State failure to provide special education is discriminatory

Moore v British Columbia (Education), 2012 SCC 61 (9 November 2012) Summary

The Supreme Court of Canada has held that the School Act creates a statutory commitment to the education of all children in British Columbia, making the provision of special education a statutory commitment and not a dispensable luxury.


Jeffrey Moore (the plaintiff) suffered from severe dyslexia and required special education at his public school. In Grade 2, the local school District psychologist recommended that he attend the local Diagnostic Centre instead of public school, as he needed additional remedial support.

When the Diagnostic Centre was closed by the District due to financial constraints, the plaintiff’s parents enrolled the plaintiff in a private school which was able to provide him with the learning support he required to reach his full potential. The plaintiff then attended the private school until Grade 12.

The plaintiff’s father filed a complaint on his son’s behalf with the BC Human Rights Tribunal (the Tribunal) against the school District and the Province on the grounds that his son had been denied “a service customarily available to the public” under section 8 of the British Columbia Human Rights Code.

History of Proceedings

BC Human Rights Tribunal

The BC Human Rights Tribunal found that the District and Province’s closure of the Diagnostic Centre amounted to discrimination against the plaintiff and ordered a range of systemic remedies for the District and Province to implement. The Tribunal also awarded the plaintiff’s family:

  • the amount of tuition paid for the plaintiff to attend a private school;
  • half of the transportation costs involved in attending the private school; and
  • $10,000 for injury to the plaintiff’s dignity, feelings and self respect.

Reviewing Judge (first instance appeal)

The reviewing Judge set aside the Tribunal’s decision, finding no discrimination.

Court of Appeal

The Court of Appeal dismissed an appeal against the reviewing Judge’s decision.


The Supreme Court of Canada allowed an appeal overturning the Court of Appeal’s decision and reinstated aspects of the Tribunal’s decision in favour of the plaintiff on the basis of unjustifiable discrimination. However, the Supreme Court overturned the Tribunal’s orders for systemic legislative change. In reaching its decision, the Supreme Court held that the School Act created a statutory commitment to education made to all children in British Columbia, making the provision for special education a statutory commitment and not a dispensable luxury.

The Supreme Court had to consider two key issues:

  • Question 1: Whether the Plaintiff had, without reasonable justification, been denied meaningful access to the general education available to all children in British Columbia based on his disability?
  • Question 2: Whether the District’s conduct (in closing the Diagnostic Centre) was justified?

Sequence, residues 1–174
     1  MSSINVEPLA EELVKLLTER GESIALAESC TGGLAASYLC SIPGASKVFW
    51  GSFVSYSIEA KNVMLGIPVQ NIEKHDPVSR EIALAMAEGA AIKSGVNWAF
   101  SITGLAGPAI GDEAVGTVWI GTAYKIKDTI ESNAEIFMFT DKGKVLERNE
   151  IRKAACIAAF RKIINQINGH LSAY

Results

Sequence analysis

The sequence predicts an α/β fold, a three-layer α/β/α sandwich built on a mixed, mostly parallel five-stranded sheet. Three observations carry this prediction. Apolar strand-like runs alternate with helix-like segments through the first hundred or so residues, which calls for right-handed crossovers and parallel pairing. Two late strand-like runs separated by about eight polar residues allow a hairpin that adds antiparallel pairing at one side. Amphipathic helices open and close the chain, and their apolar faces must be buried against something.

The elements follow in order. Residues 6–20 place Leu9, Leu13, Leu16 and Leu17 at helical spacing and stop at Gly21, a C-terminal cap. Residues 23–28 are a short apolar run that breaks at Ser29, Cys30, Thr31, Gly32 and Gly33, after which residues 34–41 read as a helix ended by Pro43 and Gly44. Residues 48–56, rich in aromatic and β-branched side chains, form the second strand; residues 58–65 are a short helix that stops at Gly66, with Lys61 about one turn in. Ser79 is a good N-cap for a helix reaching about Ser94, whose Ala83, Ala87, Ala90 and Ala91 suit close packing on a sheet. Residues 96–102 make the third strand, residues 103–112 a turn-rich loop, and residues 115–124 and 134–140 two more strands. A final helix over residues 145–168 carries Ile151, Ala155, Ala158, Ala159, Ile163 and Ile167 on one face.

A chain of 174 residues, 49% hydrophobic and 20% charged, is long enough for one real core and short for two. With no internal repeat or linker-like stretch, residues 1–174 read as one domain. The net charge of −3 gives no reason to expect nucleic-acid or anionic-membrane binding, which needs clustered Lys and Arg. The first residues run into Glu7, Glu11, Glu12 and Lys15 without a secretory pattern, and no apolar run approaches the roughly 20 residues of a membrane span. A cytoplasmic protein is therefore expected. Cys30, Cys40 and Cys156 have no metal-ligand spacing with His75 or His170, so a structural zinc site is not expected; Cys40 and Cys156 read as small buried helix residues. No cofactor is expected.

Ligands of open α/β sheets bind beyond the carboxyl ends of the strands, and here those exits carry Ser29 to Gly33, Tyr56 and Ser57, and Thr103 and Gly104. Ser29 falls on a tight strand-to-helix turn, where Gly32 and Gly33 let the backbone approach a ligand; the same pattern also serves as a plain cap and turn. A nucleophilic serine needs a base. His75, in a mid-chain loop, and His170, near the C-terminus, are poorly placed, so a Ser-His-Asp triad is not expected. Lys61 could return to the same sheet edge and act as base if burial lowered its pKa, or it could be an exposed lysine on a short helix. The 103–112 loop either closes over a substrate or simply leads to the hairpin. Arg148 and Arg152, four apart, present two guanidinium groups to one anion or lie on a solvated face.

In answer to Question 1, the Supreme Court found that there was prima facie discrimination on the basis of insufficiently intensive remedial assistance provided by the District for the plaintiff’s learning disability such that he could not get access to the education that he and all children of British Columbia are entitled to. The following considerations heavily influenced that finding:

  • The District, its employees and its experts had identified that the plaintiff required intensive remediation in order to have meaningful access to education;
  • The closing of the Diagnostic Centre took place without knowing how the needs of its students would be addressed; and
  • The plaintiff’s family was told that these disability services could not otherwise be provided by the District.

In answer to Question 2, the Supreme Court found that the discrimination was not justified, despite the budgetary crisis, because there were options other than closing the Diagnostic Centre to address the budgetary crisis. That finding was on the basis of the following facts:

  • The District’s funding cuts were disproportionately made to special needs programs.
  • Some discretionary school programs (such as an outdoor learning school) were retained.
  • There had been no assessment, financial or otherwise undertaken by the District to consider alternatives or accommodate students’ special needs if the Diagnostic Centre was closed.
  • The District’s failure to consider financial alternatives undermined its main argument that the closure was justified as the District in financial difficulty had no other options – in order to decide that it had no other options, the District would have had to at least consider what other alternatives were available.


Although possibly an interpretive approach limited to the Canadian jurisdiction, this decision provides scope for interpreting the purpose of an Act (in this case the School Act) as the basis for an enforceable “statutory commitment”. In this case, the purpose of the School Act that “all learners … develop their individual potential and … acquire the knowledge, skills and attitudes needed to contribute to a healthy, democratic and pluralistic society and a prosperous and sustainable economy” was found to be a statutory commitment.

The decision is available online at:

Richard Griffin is a Lawyer at Lander & Rogers.